Viscous drag, nonlinear in nature, is an important aspect of the fluid–structure interaction modelling and is usually not taken into account when the fluid is assumed to be inviscid. Potential flow solvers can competently compute radiation damping, which is related to the radiated wave field. However, the drag damping primarily related to the viscous effects is usually neglected in the radiation/diffraction problems solved by the boundary element method
(BEM), also known as the boundary integral element method
(BIEM). This drag force can have a significant impact in the case of structures extending much deeper below the free surface, or for those that are completely submerged. In this paper, the drag coefficient
was quantified for the heave and surge response of a structure which consists of a moored horizontally oriented domed cylinder with two surface piercing square columns located at the top surface. The domed cylinder is the primary part and is submerged. The drag coefficient is estimated using the experimental measurements related to harmonic monochromatic wave–structure interaction. Finally, this estimated drag coefficient was used in the modified time domain model, which includes the nonlinear viscous correction term, and the resulting device response in heave and surge directions is presented for an irregular incoming wave field. The comparison of the numerical model and the experiments validates the estimated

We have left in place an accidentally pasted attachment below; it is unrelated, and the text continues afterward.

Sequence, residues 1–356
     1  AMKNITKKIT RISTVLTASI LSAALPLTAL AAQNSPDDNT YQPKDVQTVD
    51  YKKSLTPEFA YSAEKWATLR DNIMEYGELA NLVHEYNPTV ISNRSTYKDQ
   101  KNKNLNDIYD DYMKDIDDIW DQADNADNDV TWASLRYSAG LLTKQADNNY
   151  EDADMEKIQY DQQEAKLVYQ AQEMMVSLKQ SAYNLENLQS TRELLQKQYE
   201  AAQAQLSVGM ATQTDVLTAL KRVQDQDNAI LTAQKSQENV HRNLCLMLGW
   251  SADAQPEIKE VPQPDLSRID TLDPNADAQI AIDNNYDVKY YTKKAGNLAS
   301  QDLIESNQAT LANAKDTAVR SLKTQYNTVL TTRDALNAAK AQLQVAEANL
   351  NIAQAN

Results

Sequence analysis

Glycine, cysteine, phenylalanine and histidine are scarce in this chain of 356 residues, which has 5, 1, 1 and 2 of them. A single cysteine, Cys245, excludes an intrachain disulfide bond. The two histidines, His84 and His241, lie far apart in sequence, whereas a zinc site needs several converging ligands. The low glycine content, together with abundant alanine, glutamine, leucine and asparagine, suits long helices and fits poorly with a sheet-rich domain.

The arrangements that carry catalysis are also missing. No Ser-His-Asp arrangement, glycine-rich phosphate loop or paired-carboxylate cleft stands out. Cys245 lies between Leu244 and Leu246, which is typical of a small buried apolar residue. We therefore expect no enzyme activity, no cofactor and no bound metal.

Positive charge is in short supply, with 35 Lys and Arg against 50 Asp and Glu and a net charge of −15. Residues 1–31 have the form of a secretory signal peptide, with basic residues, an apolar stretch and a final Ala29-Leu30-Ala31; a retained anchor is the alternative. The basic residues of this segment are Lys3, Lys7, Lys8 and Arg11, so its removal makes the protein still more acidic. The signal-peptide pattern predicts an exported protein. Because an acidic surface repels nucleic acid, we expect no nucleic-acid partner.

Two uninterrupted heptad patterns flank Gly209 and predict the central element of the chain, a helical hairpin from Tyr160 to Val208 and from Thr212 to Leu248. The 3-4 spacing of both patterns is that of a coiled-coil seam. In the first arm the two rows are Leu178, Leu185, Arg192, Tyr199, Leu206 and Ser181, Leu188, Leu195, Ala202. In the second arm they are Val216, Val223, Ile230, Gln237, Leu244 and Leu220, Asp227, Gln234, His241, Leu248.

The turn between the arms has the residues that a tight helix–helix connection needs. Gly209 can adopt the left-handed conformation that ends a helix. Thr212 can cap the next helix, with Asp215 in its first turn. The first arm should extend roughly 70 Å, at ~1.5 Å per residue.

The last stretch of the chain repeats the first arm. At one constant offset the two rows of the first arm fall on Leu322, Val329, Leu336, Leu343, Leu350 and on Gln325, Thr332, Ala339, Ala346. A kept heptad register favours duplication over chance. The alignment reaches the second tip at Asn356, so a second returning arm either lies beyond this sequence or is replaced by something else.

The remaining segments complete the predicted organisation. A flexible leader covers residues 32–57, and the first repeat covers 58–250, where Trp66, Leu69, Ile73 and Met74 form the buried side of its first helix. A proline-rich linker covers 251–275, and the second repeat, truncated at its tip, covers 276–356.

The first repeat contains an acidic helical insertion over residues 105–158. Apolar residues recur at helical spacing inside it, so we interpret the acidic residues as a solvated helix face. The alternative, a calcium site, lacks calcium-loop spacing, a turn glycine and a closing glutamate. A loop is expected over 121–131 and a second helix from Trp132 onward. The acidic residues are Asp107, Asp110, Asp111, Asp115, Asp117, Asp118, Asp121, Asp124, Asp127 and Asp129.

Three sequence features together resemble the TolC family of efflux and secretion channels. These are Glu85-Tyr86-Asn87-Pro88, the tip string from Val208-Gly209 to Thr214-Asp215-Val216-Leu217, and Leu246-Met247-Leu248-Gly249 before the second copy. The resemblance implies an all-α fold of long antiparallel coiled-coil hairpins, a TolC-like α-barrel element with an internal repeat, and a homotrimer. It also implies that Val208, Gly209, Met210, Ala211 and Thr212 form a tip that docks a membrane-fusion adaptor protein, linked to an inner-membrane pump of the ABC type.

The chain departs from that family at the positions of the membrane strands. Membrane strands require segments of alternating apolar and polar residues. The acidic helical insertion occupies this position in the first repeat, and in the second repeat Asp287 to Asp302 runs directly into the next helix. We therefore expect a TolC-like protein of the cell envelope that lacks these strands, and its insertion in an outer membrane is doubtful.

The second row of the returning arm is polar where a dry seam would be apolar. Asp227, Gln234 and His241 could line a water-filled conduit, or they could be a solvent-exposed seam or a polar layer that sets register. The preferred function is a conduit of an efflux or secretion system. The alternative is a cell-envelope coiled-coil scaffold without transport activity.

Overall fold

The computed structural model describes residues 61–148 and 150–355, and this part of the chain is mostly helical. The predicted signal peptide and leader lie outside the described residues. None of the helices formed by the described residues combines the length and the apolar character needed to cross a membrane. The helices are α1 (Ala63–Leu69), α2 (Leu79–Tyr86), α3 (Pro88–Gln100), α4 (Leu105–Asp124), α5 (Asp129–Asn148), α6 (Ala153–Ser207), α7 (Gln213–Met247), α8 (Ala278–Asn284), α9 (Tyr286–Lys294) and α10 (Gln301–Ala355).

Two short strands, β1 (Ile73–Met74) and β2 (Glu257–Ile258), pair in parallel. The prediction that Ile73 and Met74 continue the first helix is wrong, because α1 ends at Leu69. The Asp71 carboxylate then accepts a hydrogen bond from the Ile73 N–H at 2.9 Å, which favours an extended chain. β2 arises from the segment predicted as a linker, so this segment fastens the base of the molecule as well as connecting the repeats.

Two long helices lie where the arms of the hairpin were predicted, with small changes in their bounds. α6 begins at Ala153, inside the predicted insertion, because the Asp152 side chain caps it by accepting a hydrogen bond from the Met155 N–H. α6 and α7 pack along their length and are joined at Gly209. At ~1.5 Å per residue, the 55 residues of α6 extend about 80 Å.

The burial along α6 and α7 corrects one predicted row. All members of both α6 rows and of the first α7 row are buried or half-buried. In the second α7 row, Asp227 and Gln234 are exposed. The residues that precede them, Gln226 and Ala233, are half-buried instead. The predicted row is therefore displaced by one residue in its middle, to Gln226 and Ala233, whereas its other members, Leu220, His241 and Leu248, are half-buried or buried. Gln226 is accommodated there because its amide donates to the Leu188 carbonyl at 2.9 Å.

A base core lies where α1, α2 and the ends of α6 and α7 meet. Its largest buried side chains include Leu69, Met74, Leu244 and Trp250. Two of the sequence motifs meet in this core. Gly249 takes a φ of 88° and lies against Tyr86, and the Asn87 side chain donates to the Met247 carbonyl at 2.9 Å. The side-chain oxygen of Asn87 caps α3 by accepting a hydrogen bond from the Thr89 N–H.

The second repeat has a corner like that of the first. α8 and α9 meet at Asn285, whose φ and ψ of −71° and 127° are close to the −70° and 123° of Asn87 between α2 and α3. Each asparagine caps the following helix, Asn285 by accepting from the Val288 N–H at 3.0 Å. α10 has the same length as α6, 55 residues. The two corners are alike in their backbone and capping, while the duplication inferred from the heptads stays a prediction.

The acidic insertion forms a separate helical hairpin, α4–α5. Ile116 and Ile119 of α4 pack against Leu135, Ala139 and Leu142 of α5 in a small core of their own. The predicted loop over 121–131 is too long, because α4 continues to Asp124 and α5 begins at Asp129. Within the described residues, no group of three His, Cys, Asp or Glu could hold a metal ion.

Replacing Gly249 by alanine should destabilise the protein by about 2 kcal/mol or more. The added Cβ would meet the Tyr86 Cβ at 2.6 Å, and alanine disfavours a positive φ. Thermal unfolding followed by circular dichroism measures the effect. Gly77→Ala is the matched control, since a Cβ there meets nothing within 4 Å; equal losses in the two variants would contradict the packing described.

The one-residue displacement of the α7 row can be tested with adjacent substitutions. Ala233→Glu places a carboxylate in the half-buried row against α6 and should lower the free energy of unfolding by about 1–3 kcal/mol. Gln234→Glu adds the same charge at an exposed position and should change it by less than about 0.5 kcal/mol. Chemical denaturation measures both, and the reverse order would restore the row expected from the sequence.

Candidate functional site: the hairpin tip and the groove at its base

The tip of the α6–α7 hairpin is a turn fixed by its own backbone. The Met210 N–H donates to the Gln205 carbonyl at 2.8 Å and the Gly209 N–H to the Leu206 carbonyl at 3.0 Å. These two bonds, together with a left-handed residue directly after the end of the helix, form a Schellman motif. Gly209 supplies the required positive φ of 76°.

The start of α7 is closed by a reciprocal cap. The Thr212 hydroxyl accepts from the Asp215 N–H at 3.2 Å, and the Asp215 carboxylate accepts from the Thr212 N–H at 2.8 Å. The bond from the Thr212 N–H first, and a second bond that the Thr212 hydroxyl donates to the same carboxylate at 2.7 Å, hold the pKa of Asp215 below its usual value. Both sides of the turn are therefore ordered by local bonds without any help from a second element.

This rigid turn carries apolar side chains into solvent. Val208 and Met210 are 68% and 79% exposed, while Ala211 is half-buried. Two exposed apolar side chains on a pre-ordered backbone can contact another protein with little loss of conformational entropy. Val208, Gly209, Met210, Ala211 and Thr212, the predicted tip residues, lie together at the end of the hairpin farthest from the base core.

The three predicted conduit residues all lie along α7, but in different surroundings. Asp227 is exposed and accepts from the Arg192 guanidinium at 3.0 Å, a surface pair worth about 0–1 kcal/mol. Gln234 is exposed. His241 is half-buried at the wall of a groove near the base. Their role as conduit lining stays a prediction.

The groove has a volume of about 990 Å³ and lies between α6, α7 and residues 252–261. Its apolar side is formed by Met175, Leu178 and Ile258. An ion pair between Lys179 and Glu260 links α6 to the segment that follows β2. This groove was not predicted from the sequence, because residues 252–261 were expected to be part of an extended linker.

values obtained earlier. Prior to the time domain model, frequency-dependent parameters such as added mass, radiation damping, and excitation force were computed using three mainstream potential flow packages (that is, ANSYS AQWA, WAMIT, and NEMOH), and a comparison is presented. The effect of free surface on the drag coefficient is investigated through differences in
values between heave and surge modes.
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